Thousands of Cubans took to the streets in several provinces around the Caribbean island this Sunday in an unusual protest in which civilians shouted slogans against the Communist government such as “We want freedom” and “We are no longer afraid”.
The protests come as Cuba faces the worst economic crisis since the fall of the Soviet Union, increased crackdown on political opponents and a strained healthcare system during a critical phase of the COVID pandemic . Health officials have reported nearly 7,000 new cases and 47 deaths – a new record of infections and deaths on the island of just over 11 million people.
In Miami, hundreds of people gathered on SW 8th Street in Little Havana, in solidarity with the growing protests in Cuba. “I know my family in Cuba is in trouble, people are dying. It’s terrible, ”said Christian Guzmán, a Miami resident, speaking to local NBC station WTVJ.
“Right now it’s difficult. There is no food, there is no medicine. The COVID epidemic. The whole country is on the streets, ”said Darío Suárez.
In Cuba, protests began in the early afternoon in the municipality of San Antonio de los Baños, in the province of Artemisa, adjacent to Havana. A few hours later, they had spread to the east of the country, to provinces like Santiago de Cuba.
The central Malecón of the capital, where in August 1994 Cubans staged a historic demonstration against former leader Fidel Castro who was violently suppressed, also saw hundreds of demonstrators gathering on Sunday.
Cubans in several provinces contacted by Noticias Telemundo confirmed that the government, which controls the island’s sole internet provider, has caused service outages to prevent live broadcasts.
“They don’t want the world to see what’s going on in Cuba,” said a Havana resident who asked not to be identified for fear of the regime’s reprisals.
President Miguel Díaz-Canel appeared on national television to call on the army to confront the demonstrators: “The order to fight has been given,” he said.
In Cuba, videos posted on social networks, which could be verified by Noticias Telemundo, show special agents known in Cuba as Black Berets, deployed in certain localities and violently detaining civilians who demonstrated and sang peacefully.
Díaz-Canel also called “all the revolutionaries of the country, all the communists, to take to the streets and to go to the places where these provocations are going to take place”.
In recent days, Cuban exiles and prominent figures have joined the #SOSCuba campaign to demand that the island’s authorities open a humanitarian channel allowing the entry of medicines and supplies to treat the nearly 240,000 coronavirus patients.
Authorities mocked the initiative on national television and described it as an attempt to discredit the government’s handling of the health crisis that is putting hospitals on the island on the brink.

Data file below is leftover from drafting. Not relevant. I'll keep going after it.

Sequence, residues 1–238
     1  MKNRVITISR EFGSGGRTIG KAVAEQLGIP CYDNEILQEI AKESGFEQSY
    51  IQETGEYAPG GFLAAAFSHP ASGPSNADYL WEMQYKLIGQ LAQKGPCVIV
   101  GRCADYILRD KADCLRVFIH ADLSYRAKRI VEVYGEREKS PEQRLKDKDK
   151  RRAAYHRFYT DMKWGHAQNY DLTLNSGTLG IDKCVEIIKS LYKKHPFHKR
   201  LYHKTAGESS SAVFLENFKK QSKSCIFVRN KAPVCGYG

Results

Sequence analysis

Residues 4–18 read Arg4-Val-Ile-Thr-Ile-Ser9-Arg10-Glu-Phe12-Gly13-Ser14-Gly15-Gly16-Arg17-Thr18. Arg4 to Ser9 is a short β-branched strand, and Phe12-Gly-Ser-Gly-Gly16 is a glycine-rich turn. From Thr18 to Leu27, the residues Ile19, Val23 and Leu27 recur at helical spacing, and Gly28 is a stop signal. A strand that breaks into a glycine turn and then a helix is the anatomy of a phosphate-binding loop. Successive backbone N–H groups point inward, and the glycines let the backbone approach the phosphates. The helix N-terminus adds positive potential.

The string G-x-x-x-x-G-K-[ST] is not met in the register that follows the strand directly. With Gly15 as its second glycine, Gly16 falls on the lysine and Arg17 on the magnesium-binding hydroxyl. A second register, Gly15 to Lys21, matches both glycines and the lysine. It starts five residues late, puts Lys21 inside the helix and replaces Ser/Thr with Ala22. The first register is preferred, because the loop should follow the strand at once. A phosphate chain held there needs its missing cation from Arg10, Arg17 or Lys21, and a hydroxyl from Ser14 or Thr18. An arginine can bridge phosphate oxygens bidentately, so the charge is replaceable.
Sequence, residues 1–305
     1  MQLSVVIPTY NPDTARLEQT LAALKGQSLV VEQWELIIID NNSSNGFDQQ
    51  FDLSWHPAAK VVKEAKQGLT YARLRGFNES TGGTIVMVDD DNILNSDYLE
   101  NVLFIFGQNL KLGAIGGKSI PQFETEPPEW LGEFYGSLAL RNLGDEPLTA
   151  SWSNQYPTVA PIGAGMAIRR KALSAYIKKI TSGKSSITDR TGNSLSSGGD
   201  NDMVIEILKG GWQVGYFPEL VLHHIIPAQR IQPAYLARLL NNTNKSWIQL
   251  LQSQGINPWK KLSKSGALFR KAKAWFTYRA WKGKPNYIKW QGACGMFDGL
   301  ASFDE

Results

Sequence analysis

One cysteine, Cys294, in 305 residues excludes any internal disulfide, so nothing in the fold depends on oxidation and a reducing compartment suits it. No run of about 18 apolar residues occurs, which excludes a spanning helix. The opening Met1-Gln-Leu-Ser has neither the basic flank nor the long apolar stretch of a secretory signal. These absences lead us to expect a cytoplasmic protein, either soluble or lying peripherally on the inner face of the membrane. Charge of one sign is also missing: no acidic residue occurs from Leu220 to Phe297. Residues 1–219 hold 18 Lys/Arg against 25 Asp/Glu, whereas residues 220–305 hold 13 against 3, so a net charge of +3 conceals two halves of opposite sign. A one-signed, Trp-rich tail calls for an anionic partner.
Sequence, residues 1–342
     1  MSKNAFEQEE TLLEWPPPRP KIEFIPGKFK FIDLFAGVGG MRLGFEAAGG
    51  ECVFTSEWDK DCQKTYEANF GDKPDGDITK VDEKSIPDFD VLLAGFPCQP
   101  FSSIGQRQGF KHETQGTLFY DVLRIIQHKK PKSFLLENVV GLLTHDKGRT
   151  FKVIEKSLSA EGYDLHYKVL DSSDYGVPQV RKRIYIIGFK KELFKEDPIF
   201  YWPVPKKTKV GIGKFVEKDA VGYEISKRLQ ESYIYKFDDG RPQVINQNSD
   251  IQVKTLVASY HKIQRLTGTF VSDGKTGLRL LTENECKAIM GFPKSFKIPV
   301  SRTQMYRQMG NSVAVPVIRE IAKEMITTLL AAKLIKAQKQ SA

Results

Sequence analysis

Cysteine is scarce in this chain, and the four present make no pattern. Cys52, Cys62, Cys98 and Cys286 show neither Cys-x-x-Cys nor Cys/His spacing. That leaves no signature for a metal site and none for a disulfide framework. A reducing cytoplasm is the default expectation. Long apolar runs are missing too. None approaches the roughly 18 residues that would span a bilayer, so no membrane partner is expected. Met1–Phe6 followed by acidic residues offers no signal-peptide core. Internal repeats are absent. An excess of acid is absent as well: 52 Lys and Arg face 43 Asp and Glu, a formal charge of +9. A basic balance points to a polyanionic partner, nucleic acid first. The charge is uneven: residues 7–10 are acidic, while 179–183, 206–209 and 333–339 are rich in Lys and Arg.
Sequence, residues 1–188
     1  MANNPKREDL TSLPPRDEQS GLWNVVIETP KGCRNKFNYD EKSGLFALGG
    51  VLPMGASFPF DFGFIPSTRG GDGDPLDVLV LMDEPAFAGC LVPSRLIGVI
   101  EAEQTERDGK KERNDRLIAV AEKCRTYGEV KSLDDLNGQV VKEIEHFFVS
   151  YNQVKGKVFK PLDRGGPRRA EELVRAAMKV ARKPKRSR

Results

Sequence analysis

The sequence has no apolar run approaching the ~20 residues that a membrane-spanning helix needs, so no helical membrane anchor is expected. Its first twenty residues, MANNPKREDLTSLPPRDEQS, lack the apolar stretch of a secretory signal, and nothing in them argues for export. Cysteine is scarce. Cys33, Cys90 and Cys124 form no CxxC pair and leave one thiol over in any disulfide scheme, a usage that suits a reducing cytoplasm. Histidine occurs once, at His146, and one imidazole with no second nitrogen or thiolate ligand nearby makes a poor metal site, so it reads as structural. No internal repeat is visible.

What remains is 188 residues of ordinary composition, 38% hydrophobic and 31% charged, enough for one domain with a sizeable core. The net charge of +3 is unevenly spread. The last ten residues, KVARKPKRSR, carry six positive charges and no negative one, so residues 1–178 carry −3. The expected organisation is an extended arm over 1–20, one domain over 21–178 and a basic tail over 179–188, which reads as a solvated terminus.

Cubans whose relatives have died of the coronavirus in recent days have taken to social networks to discuss the severity of the health crisis, which currently has its epicenter in the province of Matanzas, known for the tourist pole of Varadero beach.
“My mother has just died. We were isolated for four days. Four days of calling the SIUM (Integrated Medical Emergency System) to pick her up. Four days and the SIUM has not arrived, ”Cuban Magdiel Matos said outside a hospital in Matanzas.
Meanwhile, opposition artists and independent journalists have denounced for weeks that the government maintains police patrols stationed in front of their homes, as reports persist that patients could not be transferred in time to the hospitals. hospitals due to lack of transport and resources.
“Take these patrols to transport the sick, open hotels to accommodate them, facilitate the arrival of donated drugs and medical utensils,” said poet and activist Katherine Bisquet from Havana, pointing to a police car parked in the basement of the building.
Cuba has not joined COVAX, the World Health Organization which seeks to disseminate Covid vaccines in the poorest countries, betting instead on the production of its own vaccines.
One of those five vaccine candidates, Abdala, received approval for emergency use this week. The government said the vaccine, the first product in Latin America, is 92.8% effective after three doses, but has not released any data on clinical studies and has not received approval from any health organization. international.
In Miami, Florida, where the largest community of Cuban exiles is located, Congresswoman of Cuban descent María Elvira Salazar said: “We have not seen in recent years a popular uprising as big as this. this.
Mass protests are rare on the island and when they do occur they are quickly quelled. Cuban politicians and the official press, the only one authorized by law in Cuba, often discredit dissidents by saying that they are serving the interests of the United States and that they receive funds for subversion.
US State Department’s Western Hemisphere Affairs Office Acting Assistant Secretary Julie Chung defended the protests on Twitter, saying peaceful protests escalated as people exercised their right to peaceful assembly to express their concern over the increase in Covid cases and deaths.
The coronavirus crisis, which has caused airport closures and slowed tourism by more than 80% – Cuba’s second-largest source of income after its medical missions – has exacerbated the shortage and fueled popular discontent.
The Cuban government attributes the economic crisis to the US embargo against Cuba and the sanctions, which former President Donald Trump has stepped up. The Biden administration has shown no sign of wanting to reverse the sanctions, instead demanding that the government release political prisoners and respect dissenting voices on several occasions.
An earlier version of this story was first published in Noticias Telemundo.